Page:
Shooting Australia is looking to fill the role of Digital Media Coordinator whose key role is to work closely with the Head of Marketing to oversee the implementation and ongoing maintenance of Shooting Australia’s digital marketing plan—which include the development and use of mobile platforms—social media campaigns, and all online promotional activity.
Shooting Australia is looking to fill the role of Community Development Officer whose key tasks will include:
- To review and deliver initiatives from the whole of sport participation plan as agreed
- To co-ordinate training and development of domestic Coaches and Officials
- To assist Clubs to implement and deliver Shooting Australia events, initiatives and activities that are focused on increasing participation
- To collect and maintain key data to assist grass roots including; accreditations, renewals and club information
- To assist, improve and maintain club health and sustainability through the development of tools, resources and the use of technology
- To work collaboratively with Shooting Australia Staff, Member Bodies and Clubs to maximise collective effectiveness
Despite missing three of his last five targets, Australian Nathan Argiro finished atop the Trap Men Junior podium, preceding silver medalist Logan Joseph Lucas of the United States of America and bronze medalist Lorenzo Ferrari of Italy.
Two World Championship debutants battled for the Trap Men Junior gold medal at the Changwon International Shooting Centre in Changwon (KOR).
Australia’s Nathan Steven Argiro — whose best result in a Junior World Cup is a 5th place at this year’s competition in Sydney (AUS) — prevailed over 18-year-old Logan Joseph Lucas of the United States of America, making his first start ever in an ISSF competition.
Halfway through the final, the two youngsters were already standing in 1st and 2nd position, with the Australian leading on the American by the smallest margin. By missing six of the following 10 targets, however, Lucas allowed Argiro to take a four-hit lead, a lead that the young Australian shooter almost threw away when he missed three of his final five targets, finishing with 42 total hits out of 50 targets and securing the brightest medal.
Lucas concluded in 2nd position and won silver with 41 hits.
On the highest step of the team podium Australia claimed the gold medal with 348 total hits.
The original article by Marco Vettoretti can be found here Photo: Photo: Alessandra Lazzarotto
Off the back of some impressive results at the 2018 Commonwealth Games, rifle shooters Victoria Rossiter and Alex Hoburg have been selected to represent Australia at the Buenos Aires 2018 Youth Olympic Games (YOG).
Following in the footsteps of her brother, Rio Olympian and rifle shooter Jack Rossiter, Victoria took out seventh place at this year’s Commonwealth Games Women’s 10m Air Rifle finals and at just 16 years-old, she was the only Australian female to make an appearance in that final.
Seventeen-year-old Hoburg paints a similar picture, just missing out on a medal with fourth place in the Commonwealth Games Men’s 10m Air Rifle finals and finishing just three places behind fellow Aussie and two-time Olympian, Dane Sampson.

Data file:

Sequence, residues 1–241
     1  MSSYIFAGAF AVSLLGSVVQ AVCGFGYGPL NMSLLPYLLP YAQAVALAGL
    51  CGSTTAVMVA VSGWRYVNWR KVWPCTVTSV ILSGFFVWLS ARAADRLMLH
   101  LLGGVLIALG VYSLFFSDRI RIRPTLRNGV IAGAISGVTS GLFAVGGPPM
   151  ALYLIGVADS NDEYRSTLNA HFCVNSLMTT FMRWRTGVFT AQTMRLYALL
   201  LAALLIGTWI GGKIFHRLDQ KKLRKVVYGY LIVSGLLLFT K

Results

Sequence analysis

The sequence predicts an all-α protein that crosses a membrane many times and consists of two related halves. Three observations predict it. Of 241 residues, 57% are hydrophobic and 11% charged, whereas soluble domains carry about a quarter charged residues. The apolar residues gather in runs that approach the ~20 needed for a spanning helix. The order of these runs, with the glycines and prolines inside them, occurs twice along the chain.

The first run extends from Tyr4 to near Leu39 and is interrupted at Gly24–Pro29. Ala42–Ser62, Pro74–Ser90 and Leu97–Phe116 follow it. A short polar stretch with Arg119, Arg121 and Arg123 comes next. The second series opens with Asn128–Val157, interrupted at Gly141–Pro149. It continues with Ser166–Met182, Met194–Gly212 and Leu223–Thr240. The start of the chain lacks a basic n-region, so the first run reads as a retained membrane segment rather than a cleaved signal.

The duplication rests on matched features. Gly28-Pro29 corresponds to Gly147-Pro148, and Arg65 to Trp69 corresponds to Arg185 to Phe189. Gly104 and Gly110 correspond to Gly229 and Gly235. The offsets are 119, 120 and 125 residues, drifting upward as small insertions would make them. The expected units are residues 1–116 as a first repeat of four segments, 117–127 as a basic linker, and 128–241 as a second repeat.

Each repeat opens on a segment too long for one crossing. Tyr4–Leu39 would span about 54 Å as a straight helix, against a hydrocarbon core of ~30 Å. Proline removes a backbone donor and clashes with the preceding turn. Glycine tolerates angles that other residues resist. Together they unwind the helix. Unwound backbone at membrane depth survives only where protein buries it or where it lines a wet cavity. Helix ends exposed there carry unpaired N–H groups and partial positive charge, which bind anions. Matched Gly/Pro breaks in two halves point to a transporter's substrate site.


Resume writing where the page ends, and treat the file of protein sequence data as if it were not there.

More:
The youngest of the group, 15-year-old Olivia Erickson also joins the YOG Team as the sole representative for Australia in pistol shooting.
Boasting several Junior National Championship titles along with the 2017 Oceania Junior Championship crown, Erickson bolsters Australia’s YOG shooting squad.
For these youngsters to qualify for YOG, they had to participate in three qualifying competitions, and a nomination decision was made by Shooting Australia based on their combined scores along with other attributes.
Victoria Rossiter explained the most challenging part of her qualifying process was when she competed in two competitions in the space of a few hours.
“For us to qualify for YOG, we had to participate in two qualification competitions on the same day,” she said.
“In the morning, we had the first 60 shot match and later that afternoon we had the second one.
“This required some extra preparation for me because shooters are usually not required to shoot that amount of focused, hard competition shots in such a short amount of time.”
But for Rossiter, the sacrifice has been worth it.
“I have always loved the sport, and it’s something that I’m really passionate about.
“I think that in order to get to the highest level of your sport you have to love what you do and be willing to make sacrifices.
“There was no moment where I thought I couldn’t pursue shooting professionally, as long as I love what I do, I’ll keep working hard to be the best I can be,” she said.
Alex Hoburg shares a similar passion to his teammate.
“Making the Australian Team has been my biggest motivation for the last few years. Ever since I started shooting at 13, my goal was to make the Youth Olympics,” he said.
But Hoburg’s dreams of representing Australia at YOG were almost dashed before they had been realised.
“My first reaction when I found out that I made the Australian Team for YOG was a sigh of relief! I was so unsure if I would actually be selected,” he said.
“Even though our sport won three quota places, we were stripped of one for a period of time which meant that one of the three selected athletes wasn’t going to make the team. Thankfully that didn’t happen!”